Three days later during the CT scan, the patient abruptly developed respiratory distress and loss of consciousness. Her blood pressure dropped to 76/45 mmHg, and oxygen saturation decreased to 85% under nasal catheter inhalation of oxygen. Clinical findings indicated the possibility of PE with shock. Supported by multi-channel intravenous rehydration, micro-pump injection with norepinephrine and mask oxygen inhalation, her blood pressure fluctuated between 108–124 and 65–78 mmHg. However, the patient still complained of dyspnea and chest pain, and her blood oxygen saturation remained unstable at an average of 92% under mask oxygen inhalation. Emergency laboratory tests showed a D-dimer of more than 3300 ng/ml. Considering the rising level of D-dimer and the patient’s clinical manifestation, we decided that PE might be the most likely diagnosis. Thus, we administrated anticoagulant therapy with 4000 U low molecular weight heparin (LMWH) at once and offered emergency CTPA, which revealed multiple embolisms in her left pulmonary artery and its branches (Fig. 2). Meanwhile, doppler echocardiography showed that the patient’s left ventricular ejection fraction (LVEF) was 52% with severe tricuspid regurgitation, and experienced sonographers estimated that pulmonary arterial systolic pressure was about 40 mmHg (mild pulmonary hypertension). Doppler ultrasonography of lower limbs revealed intermuscular venous thrombosis in her left leg.
It was a contradictory situation with both the urgent need for thrombolysis therapy and the high vulnerability of surgery field bleeding. In order to solve the life-threatening problem first, our multi-disciplinary team administrated 50 mg of Alteplase ivgtt which was completed within 2 h for thrombolysis, and then transferred the patient to intensive care unit (ICU) for further life-supporting therapy. In order to prevent venous thromboembolism (VTE), 0.4 ml LMWH was subcutaneously injected every 12 h in ICU. Routine re-examination of the lower limbs venous ultrasonography and echocardiography was ordered to monitor the patient’s condition. Sonographers reported the remission trend of tricuspid regurgitation and pulmonary hypertension. Intermuscular venous thrombosis in her left leg could no longer be detected 6 days after the thrombolysis treatment.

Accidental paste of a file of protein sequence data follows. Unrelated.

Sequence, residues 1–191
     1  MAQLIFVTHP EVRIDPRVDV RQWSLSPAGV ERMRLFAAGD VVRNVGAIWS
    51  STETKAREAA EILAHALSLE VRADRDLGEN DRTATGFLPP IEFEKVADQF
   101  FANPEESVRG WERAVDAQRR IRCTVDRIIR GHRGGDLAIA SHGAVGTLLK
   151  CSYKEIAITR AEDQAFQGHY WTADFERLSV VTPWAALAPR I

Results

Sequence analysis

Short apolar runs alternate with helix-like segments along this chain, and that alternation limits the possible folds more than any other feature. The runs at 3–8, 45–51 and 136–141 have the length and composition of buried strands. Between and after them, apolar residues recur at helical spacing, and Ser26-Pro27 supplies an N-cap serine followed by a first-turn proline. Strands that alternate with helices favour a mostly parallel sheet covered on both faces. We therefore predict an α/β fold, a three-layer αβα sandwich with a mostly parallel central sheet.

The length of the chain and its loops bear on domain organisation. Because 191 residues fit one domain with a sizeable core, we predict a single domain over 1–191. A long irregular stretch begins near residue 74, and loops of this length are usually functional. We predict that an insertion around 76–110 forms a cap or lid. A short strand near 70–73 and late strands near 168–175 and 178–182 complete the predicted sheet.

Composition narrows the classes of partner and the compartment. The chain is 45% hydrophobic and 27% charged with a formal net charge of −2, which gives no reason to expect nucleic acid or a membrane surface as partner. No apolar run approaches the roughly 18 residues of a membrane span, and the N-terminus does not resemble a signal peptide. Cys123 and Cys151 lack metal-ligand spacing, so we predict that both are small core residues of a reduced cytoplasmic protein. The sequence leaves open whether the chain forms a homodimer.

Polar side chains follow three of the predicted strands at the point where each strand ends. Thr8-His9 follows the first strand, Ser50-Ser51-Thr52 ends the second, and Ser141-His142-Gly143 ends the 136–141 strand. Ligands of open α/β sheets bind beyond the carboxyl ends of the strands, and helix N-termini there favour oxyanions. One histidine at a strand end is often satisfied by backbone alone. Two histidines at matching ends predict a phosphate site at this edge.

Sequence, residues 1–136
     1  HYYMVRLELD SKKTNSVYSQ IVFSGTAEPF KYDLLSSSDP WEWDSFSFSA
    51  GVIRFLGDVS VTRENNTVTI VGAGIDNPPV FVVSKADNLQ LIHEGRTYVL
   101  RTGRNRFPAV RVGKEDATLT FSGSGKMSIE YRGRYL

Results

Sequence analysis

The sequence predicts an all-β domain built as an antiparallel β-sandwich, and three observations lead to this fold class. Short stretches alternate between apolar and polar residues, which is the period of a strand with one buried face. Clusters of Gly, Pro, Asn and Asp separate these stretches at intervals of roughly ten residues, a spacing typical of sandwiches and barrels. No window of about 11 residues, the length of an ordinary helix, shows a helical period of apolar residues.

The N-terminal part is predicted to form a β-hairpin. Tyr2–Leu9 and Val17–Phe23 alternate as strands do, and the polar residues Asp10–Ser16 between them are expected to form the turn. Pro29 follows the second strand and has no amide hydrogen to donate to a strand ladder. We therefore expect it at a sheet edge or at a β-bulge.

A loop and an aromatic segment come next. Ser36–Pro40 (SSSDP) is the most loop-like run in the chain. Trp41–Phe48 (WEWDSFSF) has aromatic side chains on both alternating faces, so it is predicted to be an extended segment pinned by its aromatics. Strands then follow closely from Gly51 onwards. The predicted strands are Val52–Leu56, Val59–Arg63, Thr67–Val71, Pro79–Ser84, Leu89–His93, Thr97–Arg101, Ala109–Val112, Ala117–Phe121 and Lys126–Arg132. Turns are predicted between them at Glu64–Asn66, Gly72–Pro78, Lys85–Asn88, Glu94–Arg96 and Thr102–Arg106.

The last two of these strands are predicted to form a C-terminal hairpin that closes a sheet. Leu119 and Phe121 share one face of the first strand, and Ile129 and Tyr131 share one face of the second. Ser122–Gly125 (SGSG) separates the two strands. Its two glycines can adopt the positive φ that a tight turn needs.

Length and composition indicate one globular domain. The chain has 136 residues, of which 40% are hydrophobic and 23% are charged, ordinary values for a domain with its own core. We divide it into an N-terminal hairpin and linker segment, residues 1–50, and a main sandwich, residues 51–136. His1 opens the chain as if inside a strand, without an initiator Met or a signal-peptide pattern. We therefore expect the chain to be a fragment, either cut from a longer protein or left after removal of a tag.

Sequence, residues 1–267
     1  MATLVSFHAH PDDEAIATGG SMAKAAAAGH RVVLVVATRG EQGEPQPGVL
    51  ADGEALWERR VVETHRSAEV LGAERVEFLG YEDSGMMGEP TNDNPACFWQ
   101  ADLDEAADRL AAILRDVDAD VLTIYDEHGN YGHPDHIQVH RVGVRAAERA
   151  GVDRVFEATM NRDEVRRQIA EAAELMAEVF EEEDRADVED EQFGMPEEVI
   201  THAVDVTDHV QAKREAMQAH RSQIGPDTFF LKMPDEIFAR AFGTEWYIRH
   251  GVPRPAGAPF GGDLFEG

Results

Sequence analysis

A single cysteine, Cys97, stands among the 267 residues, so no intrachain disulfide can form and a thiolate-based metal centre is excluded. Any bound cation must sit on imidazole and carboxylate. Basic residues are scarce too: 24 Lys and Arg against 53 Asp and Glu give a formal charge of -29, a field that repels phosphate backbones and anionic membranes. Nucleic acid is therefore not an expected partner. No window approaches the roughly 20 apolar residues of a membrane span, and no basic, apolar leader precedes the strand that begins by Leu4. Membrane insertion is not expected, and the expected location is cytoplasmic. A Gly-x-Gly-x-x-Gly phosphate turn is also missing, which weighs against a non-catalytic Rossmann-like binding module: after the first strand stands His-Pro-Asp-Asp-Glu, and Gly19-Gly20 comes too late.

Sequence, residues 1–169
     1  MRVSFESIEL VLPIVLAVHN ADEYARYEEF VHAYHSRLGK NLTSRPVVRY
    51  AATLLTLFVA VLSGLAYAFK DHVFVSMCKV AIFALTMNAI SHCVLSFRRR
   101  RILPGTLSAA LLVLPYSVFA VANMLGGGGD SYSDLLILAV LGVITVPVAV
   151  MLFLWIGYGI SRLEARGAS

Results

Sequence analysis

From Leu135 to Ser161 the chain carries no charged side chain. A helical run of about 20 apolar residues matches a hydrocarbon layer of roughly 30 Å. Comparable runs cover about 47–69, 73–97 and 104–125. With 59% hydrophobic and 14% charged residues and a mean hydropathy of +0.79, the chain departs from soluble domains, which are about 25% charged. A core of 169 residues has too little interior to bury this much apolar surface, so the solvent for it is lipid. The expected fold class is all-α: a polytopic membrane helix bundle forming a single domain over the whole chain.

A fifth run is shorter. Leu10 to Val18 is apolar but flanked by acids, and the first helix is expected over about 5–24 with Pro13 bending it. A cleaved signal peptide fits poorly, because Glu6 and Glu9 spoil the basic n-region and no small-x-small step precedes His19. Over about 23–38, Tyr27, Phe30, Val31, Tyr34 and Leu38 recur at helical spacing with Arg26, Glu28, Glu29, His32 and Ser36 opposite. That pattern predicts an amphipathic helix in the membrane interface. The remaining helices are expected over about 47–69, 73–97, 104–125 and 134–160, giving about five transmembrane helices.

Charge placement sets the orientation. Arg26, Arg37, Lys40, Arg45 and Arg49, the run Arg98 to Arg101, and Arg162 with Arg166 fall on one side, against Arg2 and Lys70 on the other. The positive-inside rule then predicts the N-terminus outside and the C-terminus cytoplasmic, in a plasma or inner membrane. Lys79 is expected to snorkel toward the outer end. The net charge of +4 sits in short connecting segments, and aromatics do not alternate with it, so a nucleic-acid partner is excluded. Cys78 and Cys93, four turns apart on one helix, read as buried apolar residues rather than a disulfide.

On the 6th postoperative day, the patient suddenly developed unconsciousness and anhelation in ICU, and her blood oxygen saturation progressively dropped to 85%. Urgent intubation, mechanical ventilation and blood transfusion were applied to correct the patient’s anemia. Gradually, her oxygen saturation rose to 98%, but crimson and opaque drainage fluid kept flowing through her nephrostomy tube without any sign to stop even after clamping the catheter for 30 min. Her hemoglobin (Hb) level was still decreasing progressively (Fig. 3). All the above clues were indicative of post thrombolysis bleeding. Diffused contrast medium in the middle and lower part of the right kidney was seen during DSA (Fig. 4). SRAE was then performed under general anesthesia. The patient reported no obvious discomfort and generally recovered after conventional symptomatic treatment and blood transfusion. Anticoagulant treatment method was gradually changed to oral application of Warfarin 3 mg qn, and the patient was approved to be discharged 26 days postoperatively. She returned to her daily activity and reported no obvious discomfort, and during re-examination, the echocardiography showed LVEF of 70% with no obvious abnormality.
Discussion and conclusion
Pulmonary embolism (PE) is a type of VTE. It is a relatively rare but life-threatening complication for patients undergoing PCNL: The dense distribution of blood vessels in the operating field, intraoperative vascular wall injury, and the increase in bed rest time might all contribute to the rising incidence of post-PCNL PE . The previous article reported PE after conventional PCNL (30Fr) and discharged more than 2 months postoperatively . In this case, the patient underwent mini-PCNL (16Fr), followed by a consecutive process of infection, PE, anticoagulant and systemic thrombolytic therapy and post thrombolysis bleeding. This is the first case in our center since 2015 among more than 2000 mini-PCNL (16Fr) procedures.
In terms of thromboprophylaxis, EAU2020 guidelines  recommended mechanical prophylaxis and pharmacological prophylaxis to prevent VTE. When it comes to PCNL, EAU Guidelines recommended using neither mechanical nor pharmacological way to prevent thrombosis. Mechanical prophylaxis was offered only for high-risk VTE patients (weak). In clinical practice, the combination of mechanical and pharmacological prevention for VTE was adopted in our center. VTE prevention education was routinely carried out for all patients, and early out-of-bed activities were also advocated. Patients with intermediate and high risk wore gradient compression socks or received air pressure therapy postoperatively.